From Lieutenant Colonel Richard Varick1
1. Varick, a native of Hackensack, New Jersey, was admitted to the bar in New York City in 1774. On June 28, 1775, he enlisted as a captain in the New York Regiment and in June, 1776, became a military secretary to General Philip Schuyler, H’s future father-in-law. On September 25, 1776, he was appointed deputy muster master general to the Northern Army, and on April 10, 1777, he was promoted to lieutenant colonel and given the title of deputy commissary general of musters. He served in this capacity until Congress abolished the office on January 12, 1780, at which time he returned to civilian life (JCC description begins Journals of the Continental Congress, 1774–1789 (Washington, 1904–1937; Reprinted, New York, 1968). description ends , XVI, 47). In early August, 1780, six weeks before Major General Benedict Arnold’s treason was discovered, Arnold, at General Schuyler’s suggestion, invited Varick to become his military secretary at West Point, New York.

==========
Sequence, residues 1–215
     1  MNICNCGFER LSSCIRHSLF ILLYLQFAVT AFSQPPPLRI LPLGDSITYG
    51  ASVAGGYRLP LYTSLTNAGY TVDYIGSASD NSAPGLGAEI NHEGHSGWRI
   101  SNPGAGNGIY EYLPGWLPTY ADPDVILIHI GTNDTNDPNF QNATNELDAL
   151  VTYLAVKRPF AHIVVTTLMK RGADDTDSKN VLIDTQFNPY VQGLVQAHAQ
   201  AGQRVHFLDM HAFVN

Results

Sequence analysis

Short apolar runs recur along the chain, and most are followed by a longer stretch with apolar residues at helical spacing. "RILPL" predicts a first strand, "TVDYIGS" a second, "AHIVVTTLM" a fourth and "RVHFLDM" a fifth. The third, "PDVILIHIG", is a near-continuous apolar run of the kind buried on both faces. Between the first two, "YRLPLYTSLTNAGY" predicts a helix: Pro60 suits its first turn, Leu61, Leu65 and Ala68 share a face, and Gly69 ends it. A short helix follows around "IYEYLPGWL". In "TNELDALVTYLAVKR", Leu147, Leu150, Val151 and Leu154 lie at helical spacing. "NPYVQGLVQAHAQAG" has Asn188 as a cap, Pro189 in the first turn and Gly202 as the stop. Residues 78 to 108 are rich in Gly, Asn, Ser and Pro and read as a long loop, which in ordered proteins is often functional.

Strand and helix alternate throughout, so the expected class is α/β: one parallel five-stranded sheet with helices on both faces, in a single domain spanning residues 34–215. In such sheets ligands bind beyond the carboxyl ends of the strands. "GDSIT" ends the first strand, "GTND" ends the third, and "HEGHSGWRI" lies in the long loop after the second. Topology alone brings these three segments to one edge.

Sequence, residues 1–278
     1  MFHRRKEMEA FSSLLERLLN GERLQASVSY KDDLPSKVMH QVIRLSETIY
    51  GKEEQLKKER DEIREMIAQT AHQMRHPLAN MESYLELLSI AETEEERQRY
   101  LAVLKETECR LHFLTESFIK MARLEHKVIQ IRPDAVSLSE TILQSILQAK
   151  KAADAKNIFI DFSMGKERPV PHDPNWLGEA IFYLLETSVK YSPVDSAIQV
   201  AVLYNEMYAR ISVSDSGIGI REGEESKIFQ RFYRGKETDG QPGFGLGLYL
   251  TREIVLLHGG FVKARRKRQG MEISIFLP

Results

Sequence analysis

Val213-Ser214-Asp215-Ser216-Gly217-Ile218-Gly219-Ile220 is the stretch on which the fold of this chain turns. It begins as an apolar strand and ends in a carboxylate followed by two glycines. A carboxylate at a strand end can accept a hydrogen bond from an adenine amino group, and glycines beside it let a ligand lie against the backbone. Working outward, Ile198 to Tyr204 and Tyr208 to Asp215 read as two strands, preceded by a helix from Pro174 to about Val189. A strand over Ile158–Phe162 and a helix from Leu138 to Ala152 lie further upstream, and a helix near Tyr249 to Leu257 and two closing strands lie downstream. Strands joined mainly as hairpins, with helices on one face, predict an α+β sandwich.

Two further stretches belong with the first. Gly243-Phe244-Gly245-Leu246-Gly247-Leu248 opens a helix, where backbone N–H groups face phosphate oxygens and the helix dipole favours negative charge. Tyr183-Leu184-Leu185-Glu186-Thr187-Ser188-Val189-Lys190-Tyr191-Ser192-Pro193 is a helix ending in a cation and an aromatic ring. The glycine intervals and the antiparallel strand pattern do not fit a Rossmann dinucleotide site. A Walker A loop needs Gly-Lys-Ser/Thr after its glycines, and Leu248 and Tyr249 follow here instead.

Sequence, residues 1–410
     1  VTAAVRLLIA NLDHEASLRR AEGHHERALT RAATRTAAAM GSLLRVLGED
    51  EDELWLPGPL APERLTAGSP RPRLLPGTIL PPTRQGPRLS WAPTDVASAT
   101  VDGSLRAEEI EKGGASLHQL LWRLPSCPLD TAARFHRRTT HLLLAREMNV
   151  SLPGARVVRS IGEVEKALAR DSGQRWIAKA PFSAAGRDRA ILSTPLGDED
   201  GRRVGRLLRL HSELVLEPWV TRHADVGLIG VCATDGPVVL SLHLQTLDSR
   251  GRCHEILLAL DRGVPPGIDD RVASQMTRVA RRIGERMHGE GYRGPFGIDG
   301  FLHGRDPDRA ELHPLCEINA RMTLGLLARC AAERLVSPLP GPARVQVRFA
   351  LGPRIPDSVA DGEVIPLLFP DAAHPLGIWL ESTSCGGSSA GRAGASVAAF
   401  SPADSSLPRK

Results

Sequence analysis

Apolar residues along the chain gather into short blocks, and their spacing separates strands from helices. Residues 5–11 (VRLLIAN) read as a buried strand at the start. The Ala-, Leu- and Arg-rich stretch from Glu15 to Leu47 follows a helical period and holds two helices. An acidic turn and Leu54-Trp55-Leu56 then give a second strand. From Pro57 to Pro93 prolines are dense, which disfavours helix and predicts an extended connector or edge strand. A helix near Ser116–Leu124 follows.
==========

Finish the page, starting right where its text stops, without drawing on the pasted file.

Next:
2. Robinson’s House, which was about two miles southeast of West Point, was Benedict Arnold’s headquarters when his treason was discovered. It was owned by Beverly Robinson, one of New York’s leading Tories.
3. Printed in this volume.